Tiffany is an ex-pat, living in Germany with two young children. She contacted me a few weeks ago and asked if I would write a guest post for her blog No Ordinary Homestead in honor of National Infertility Awareness Week. She told me that, although she hasn’t dealt with infertility herself, she has friends who have and she wanted to do her part to help raise awareness.

How could I say no?

Here is the post I wrote for her: A Family of Two.


Please take a moment and look at some of her other guest posts for this week. I suspect you’ll see a couple of familiar faces. I am so honored to be asked to do this. It’s people like Tiffany, who are willing to speak up to help the people they care about, that are making a difference and getting this subject matter out into the mix of general conversation.

So, Tiffany, thank you.


Family Pressure to Reproduce April 28, 2011

Unless you’ve taken to living under a rock recently (understandable, if you have) you’ll know that a Royal Wedding is imminent. Tomorrow, Britain’s Prince William (first-born son of Prince Charles and the late Princess Diana) will marry Kate Middleton.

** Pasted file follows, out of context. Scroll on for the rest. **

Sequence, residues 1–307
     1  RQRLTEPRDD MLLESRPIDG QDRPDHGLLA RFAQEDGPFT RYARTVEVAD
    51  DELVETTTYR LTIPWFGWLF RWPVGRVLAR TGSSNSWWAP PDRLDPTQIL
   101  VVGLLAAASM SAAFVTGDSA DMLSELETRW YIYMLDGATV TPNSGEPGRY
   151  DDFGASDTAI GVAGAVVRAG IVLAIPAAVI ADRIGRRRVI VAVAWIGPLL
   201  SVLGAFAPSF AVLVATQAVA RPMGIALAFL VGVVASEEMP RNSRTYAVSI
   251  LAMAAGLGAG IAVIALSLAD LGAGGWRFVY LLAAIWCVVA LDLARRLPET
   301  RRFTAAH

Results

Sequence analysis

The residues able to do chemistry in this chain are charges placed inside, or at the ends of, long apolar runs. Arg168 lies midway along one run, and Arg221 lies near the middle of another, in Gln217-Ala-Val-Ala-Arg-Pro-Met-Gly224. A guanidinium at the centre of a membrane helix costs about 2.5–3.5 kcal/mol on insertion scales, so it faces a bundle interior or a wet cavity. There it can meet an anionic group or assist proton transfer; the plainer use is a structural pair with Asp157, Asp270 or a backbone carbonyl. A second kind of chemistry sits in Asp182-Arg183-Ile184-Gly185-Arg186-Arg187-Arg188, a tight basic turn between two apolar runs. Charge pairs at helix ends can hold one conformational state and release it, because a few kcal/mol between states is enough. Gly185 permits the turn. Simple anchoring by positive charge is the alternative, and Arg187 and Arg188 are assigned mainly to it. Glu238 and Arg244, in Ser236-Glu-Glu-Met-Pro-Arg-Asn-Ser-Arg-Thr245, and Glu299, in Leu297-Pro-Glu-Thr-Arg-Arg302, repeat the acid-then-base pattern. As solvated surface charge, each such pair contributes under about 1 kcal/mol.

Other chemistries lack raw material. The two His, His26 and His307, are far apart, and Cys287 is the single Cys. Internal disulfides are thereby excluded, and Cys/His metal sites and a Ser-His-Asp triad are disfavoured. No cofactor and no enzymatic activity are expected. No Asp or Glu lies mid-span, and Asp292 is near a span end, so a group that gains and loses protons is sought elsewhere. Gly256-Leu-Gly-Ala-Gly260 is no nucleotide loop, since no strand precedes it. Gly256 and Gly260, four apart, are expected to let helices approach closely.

The tabloids are a-flutter with talk of dresses, music, and guests – both invited and snubbed – but all I can think about is Kate’s ovaries.

I know; it’s sick to even be going there, but I can’t help thinking about the pressure on this young couple, but especially on Kate, to reproduce. Being second in line to the throne, and with speculation that Charles will not succeed his mother, Wills is certain to eventually become King. And a king needs heirs.

We’ve talked before on this blog about the pressure some of us have felt from our families to provide grandchildren and cousins, so imagine the pressure to produce a royal heir.

Historically, barren queens haven’t fared well (See Henry VIII) and although the days of executing a wife who doesn’t produce heirs are long gone, that pressure still remains. And forgive me, but I can’t help wondering if Kate, much like an expensive thoroughbred, has already been vetted for her potential as future King or Queen Mother. Either way, I’m pretty sure that choosing a childfree life isn’t going to be an option for this couple.

So, I’ll be keeping a careful eye on the royal newlyweds, but for now, I wish them good luck and a long and, um, fruitful marriage.


Telling My Story April 27, 2011

Tonight is the Opening Night of Expressing Motherhood. This is a show with 13 women and one man talking, singing, and performing on the theme of motherhood. This is the show where I will get up on stage and tell an audience, consisting mostly of mothers, my story.

I won’t give away too much now, suffice to say I will touch on the subjects of desire and choices, as well as some thoughts on the fertility industry and baby showers.

I’m a little nervous – about performing and about my story – but the producers and cast of the show have been truly supportive, and I’m hoping the audience will be too.